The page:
An understanding informed by their religious beliefs and practices
At the recent Religious Summit organized by the Ministry of Family, Culture, Sports and Youth in Barbados, Monsignor Vincent Blackett of the Roman Catholic Church and Chairman of the Barbados Christian Council, speaking on the topic of “Religion and Superstition” disclosed the fact that the coming of the slaves to Barbados meant the coming of Islam to its shores.
Monsignor Blackett stated: “With the advent of the Transatlantic Slave Trade Barbados would see the arrival of several expressions of African religious beliefs and practices including Islam.”
The Monsignor emphasized the importance of understanding the religious practices of the early inhabitants of Barbados, including the Amerindians. Setting aside the topic of Superstition, the Catholic priest focused primarily on the religious practices of the African slaves and dismissed the claims taught by several European historians that “that all the religious symbols that crossed the Atlantic with the arrival of African slaves are evil or of the devil”. Monsignor Blackett argued that Africans did have a worldview and an understanding informed by their religious beliefs and practices. The Europeans who said otherwise were wrong. “This year marks the 520th anniversary of the arrival of Christopher Columbus into this part of the world. This event would change the course of history and perhaps the area that was most affective as a result of Columbus’ excursion into this area was Religion… The earlier settlers who came from Britain brought with them the Christian Religion as expressed in Anglicanism, Roman Catholicism and various shades of Puritanism, the Quaker’s expression being very strong in the early days.”
Monsignor Blackett went on to make the point that European historians were at a lost to African beliefs: “What the Africans were doing in their back yards was not considered Religion it was devil worship or Magic. No serious attempt was made to understand the way Africans understood the world. Even when the Christians thought it was alright to introduce Christianity to the Africans, they did so with the belief that they were entering virgin religious soils no consideration was given to the world view that guided the Africans”.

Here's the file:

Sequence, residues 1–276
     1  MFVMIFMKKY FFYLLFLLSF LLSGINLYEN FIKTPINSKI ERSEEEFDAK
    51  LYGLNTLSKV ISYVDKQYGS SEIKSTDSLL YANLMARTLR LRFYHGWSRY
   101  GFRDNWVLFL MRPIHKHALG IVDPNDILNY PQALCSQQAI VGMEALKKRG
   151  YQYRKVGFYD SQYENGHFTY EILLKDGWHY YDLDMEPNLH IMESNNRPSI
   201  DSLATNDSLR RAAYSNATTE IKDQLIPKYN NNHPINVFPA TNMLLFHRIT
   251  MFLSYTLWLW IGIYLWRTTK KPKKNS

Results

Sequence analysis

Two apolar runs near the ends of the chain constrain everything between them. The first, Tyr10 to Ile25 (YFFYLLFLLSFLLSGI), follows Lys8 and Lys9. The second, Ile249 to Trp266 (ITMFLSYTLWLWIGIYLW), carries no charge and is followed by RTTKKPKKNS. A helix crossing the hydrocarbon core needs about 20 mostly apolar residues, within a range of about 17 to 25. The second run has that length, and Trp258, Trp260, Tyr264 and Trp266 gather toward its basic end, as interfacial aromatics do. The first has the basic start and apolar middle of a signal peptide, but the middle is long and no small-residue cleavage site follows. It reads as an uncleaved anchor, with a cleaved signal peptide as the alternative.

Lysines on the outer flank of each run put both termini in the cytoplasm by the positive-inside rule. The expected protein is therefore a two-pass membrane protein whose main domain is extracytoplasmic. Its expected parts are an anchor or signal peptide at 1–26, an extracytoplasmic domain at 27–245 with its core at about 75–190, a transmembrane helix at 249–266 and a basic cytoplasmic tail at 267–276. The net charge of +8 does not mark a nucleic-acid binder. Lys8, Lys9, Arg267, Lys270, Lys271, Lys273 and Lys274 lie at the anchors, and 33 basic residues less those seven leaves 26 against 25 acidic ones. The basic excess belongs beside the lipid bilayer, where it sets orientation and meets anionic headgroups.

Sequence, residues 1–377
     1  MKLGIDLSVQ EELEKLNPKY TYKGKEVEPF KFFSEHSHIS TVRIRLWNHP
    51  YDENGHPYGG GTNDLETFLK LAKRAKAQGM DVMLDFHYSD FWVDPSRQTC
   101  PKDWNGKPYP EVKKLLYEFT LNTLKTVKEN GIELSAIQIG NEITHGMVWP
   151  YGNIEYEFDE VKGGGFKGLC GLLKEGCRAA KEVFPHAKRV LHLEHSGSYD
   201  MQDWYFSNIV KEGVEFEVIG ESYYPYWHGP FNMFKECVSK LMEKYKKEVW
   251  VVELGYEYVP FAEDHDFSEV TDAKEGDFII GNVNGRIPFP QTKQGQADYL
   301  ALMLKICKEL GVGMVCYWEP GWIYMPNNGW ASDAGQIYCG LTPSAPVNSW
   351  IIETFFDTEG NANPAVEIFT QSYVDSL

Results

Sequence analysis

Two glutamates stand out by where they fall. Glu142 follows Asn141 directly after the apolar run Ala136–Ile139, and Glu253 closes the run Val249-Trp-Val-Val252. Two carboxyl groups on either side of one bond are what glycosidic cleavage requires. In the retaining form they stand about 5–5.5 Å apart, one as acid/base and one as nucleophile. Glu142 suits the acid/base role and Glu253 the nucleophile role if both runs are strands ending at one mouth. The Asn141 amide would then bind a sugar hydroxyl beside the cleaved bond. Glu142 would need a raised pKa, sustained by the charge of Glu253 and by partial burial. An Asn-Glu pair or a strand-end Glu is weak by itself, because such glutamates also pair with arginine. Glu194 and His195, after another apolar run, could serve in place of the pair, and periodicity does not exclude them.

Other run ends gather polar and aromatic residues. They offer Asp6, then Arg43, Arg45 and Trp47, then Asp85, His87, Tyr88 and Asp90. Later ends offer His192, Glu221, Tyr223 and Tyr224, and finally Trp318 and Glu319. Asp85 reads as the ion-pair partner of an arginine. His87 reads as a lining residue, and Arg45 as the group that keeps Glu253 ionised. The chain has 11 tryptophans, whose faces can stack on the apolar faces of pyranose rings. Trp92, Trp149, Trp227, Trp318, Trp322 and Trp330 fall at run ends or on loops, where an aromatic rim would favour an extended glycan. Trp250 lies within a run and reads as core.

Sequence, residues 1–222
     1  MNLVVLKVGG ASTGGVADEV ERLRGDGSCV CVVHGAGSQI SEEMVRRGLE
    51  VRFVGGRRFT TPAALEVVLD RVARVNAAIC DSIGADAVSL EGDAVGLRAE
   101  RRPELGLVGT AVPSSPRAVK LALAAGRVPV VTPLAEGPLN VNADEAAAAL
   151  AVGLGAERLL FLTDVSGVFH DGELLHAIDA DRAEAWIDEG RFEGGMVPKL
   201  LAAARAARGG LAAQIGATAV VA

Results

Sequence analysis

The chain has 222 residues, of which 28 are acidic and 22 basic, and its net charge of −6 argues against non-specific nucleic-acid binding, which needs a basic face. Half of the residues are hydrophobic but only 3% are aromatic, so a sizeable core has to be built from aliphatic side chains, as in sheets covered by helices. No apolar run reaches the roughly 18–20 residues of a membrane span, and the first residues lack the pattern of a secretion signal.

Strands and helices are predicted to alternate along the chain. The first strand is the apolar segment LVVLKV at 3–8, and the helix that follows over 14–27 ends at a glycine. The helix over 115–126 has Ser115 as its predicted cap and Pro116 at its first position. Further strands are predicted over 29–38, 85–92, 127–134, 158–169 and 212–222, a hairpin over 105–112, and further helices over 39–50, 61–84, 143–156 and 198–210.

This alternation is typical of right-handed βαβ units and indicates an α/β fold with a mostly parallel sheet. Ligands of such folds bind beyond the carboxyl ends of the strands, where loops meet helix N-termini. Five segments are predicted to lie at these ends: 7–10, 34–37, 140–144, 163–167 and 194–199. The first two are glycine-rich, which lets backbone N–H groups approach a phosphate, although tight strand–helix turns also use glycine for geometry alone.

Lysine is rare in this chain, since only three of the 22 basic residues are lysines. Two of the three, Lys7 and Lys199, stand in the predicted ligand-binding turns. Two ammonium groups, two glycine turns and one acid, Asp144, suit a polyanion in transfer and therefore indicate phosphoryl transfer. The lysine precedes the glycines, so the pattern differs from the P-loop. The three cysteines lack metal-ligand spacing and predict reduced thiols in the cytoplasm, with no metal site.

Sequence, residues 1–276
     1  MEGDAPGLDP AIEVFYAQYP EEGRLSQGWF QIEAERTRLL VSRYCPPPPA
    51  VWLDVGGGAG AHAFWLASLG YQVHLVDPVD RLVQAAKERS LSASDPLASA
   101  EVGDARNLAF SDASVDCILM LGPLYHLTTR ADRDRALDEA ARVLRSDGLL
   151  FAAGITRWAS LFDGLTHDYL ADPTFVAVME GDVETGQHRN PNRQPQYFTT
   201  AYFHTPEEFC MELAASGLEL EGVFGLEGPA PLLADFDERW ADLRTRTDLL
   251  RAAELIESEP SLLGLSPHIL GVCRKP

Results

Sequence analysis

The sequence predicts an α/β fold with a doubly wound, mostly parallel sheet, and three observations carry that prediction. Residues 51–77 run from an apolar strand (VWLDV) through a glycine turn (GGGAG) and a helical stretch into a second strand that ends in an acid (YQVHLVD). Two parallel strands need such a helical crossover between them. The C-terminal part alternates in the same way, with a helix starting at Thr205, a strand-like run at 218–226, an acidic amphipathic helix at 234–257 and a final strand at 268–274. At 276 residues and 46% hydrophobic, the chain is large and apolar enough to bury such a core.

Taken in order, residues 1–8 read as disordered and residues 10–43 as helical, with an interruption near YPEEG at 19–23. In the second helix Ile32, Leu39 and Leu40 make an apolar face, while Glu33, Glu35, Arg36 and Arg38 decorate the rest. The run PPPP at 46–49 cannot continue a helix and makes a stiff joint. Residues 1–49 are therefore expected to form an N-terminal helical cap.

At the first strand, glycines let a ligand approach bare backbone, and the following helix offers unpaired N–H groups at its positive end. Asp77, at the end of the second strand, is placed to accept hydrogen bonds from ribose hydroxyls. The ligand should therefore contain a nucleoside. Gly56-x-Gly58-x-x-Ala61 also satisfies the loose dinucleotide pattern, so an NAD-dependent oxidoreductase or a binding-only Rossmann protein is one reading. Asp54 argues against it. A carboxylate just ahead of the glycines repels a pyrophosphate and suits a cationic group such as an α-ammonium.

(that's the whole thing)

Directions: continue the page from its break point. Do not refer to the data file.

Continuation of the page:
On the point of Islam among the slaves he reasoned that: “With the advent of people from the Subcontinent of Asia we have seen the arrival of Hinduism and Islam. We know very little about our brothers and sisters from Asia or the religions that accompanied them. Islam except that most of us associate Islam with what we are getting as a result of the Middle Eastern crisis and many of us believe that Islam came to Barbados with the Asians but this noble religion was here from very early on coming from Africa. Islam might have a far greater effect on the lives of some of the slaves than we may care to admit…”
Monsignor Blackett pointed out that Richard Dunn in his Sugar and Slavery tells us that – “The English disliked the racket they made with trumpets and African hollow-log drums and banned the drums for another reason, because they could be used to signal island-wide revolts. So the slaves made music with calabash gourds fitted out with twine or horse hair strings. The dancers tied rattles to their legs and wrists and cow tails to their rumps, while the on lookers clapped hands and chanted ‘Alla, Alla.'”
The Religious Summit, the first of its kind in Barbados, was organized by the Ministry of Family, Culture, Sports and Youth under the theme: “THE ROLE AND RESPONSIBILITY OF RELIGION IN BARBADOS; AN EXAMINATION OF THE ISSUES CONFRONTING US AS A NATION”